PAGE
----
Islander's Blog

Local politics

The candidate drove around town, collecting his yard signs. This was very early in the morning, the results were in from Tuesday’s vote, but Wednesday had yet to really begin.

There is nothing that annoys people faster than not retrieving your yard signs. This is something the candidate had learned from more than a few years in local politics. It is easy to make enemies over small things. Politeness counts.

In the interest of full disclosure, I spent the last few months working to help the candidate try to become this island’s next state representative. But this is not about winning and losing. This is really not even about one particular candidate. So no names.

This is about sane politics versus crazy politics. This is about asking your neighbors, those that know you and those that do not, to vote for you. Local politics are as simple and profound
as that.

Someone once said that American-style democracy worked best some 200 years ago, when the voters were the well-informed and well-meaning farmers and merchants of New England. If that is true, then the act of asking your neighbor for his vote is the building block of this nation.

And so the candidate and his volunteers handed out brochures, held signs, shook hands and made phone calls. And on a clear, bright, autumn Tuesday, his neighbors came to the polls and cast their votes.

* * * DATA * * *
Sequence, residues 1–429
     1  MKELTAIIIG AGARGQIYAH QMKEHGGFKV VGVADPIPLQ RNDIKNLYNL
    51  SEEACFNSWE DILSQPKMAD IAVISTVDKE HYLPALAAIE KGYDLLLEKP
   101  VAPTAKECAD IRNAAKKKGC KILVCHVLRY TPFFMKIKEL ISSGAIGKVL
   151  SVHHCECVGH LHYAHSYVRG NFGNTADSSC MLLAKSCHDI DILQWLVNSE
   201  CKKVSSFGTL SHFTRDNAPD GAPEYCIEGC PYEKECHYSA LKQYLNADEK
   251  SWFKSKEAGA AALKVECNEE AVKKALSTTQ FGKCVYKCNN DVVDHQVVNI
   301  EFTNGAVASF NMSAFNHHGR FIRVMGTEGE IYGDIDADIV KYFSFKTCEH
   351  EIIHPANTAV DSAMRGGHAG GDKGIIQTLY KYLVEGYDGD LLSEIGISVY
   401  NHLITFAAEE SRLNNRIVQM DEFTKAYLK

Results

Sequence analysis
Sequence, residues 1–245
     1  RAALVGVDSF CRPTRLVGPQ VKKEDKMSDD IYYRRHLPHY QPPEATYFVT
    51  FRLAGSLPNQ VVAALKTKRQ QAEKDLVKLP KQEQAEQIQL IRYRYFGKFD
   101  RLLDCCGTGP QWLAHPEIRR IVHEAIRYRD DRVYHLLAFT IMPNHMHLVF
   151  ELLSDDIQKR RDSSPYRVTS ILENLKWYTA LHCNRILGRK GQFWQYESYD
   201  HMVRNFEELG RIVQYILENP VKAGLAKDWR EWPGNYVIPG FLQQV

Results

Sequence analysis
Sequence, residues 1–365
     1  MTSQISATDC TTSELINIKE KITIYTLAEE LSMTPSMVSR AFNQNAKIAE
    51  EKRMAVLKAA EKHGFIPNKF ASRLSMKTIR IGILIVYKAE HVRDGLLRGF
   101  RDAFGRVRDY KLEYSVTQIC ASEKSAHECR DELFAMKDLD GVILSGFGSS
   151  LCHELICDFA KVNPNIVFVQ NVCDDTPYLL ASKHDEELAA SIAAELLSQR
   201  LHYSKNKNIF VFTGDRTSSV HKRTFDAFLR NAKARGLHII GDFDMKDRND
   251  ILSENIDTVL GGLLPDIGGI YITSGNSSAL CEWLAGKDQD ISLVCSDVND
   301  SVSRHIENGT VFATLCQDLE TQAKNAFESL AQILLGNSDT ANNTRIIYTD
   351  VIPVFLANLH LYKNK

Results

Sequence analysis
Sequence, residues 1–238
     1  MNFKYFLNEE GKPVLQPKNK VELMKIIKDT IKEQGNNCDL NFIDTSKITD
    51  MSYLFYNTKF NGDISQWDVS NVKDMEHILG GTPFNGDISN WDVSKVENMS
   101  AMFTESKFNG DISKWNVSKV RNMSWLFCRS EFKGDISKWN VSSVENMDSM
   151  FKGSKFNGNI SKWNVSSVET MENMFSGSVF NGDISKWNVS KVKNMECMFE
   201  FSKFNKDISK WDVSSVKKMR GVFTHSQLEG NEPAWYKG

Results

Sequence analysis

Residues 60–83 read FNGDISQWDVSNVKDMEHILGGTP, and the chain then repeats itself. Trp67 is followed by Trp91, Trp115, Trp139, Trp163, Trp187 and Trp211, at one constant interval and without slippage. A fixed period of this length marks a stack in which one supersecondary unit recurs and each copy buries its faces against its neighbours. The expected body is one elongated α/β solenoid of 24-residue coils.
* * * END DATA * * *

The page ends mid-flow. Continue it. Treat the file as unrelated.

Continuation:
Meanwhile, on CNN and Fox and MSNBC, the insanity of the presidential election was in full roar. Everything was hype. And it seemed like everyone bought the hype. Republican friends extolled me with stories of how thrilled they were when their candidate picked a completely-unknown political neophyte as his running mate. Democrats are sure their candidate is the second coming of JFK.

Both sides pointed to the other and leveled silly accusations. Wedge issues once again got in the way of real issues.

Meanwhile, the air was filled with the news of bank closings. And every day the paperboy brings more.

It found myself daydreaming on how quickly the late, great Tim Russert would have filleted these candidates, or at least forced them to give straight answers about what they know and what they don’t know.

Politics work better the lower you get down the scale. Maybe it’s because the issues are so concrete. Who will run the Steamship Authority? How will we protect our groundwater? These are things we can debate without the hype, or the faces of spin doctors filling television screens.

And so very early the morning after his defeat in the Democratic primary for state representative, the candidate drove around in his truck and collected his yard signs. He knew it was the right thing to do. In a small, but very real way, it was reassurance that at least on some level the system works.

Former Speaker of the House Tip O’Neill famously said that all politics is local. We should be so lucky.

– John Stanton

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